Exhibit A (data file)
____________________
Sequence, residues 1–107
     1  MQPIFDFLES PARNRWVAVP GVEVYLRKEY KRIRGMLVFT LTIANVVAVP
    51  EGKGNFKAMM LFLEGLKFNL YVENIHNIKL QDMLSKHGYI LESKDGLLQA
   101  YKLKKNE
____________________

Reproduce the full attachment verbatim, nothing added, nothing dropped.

Sequence, residues 1–107
     1  MQPIFDFLES PARNRWVAVP GVEVYLRKEY KRIRGMLVFT LTIANVVAVP
    51  EGKGNFKAMM LFLEGLKFNL YVENIHNIKL QDMLSKHGYI LESKDGLLQA
   101  YKLKKNE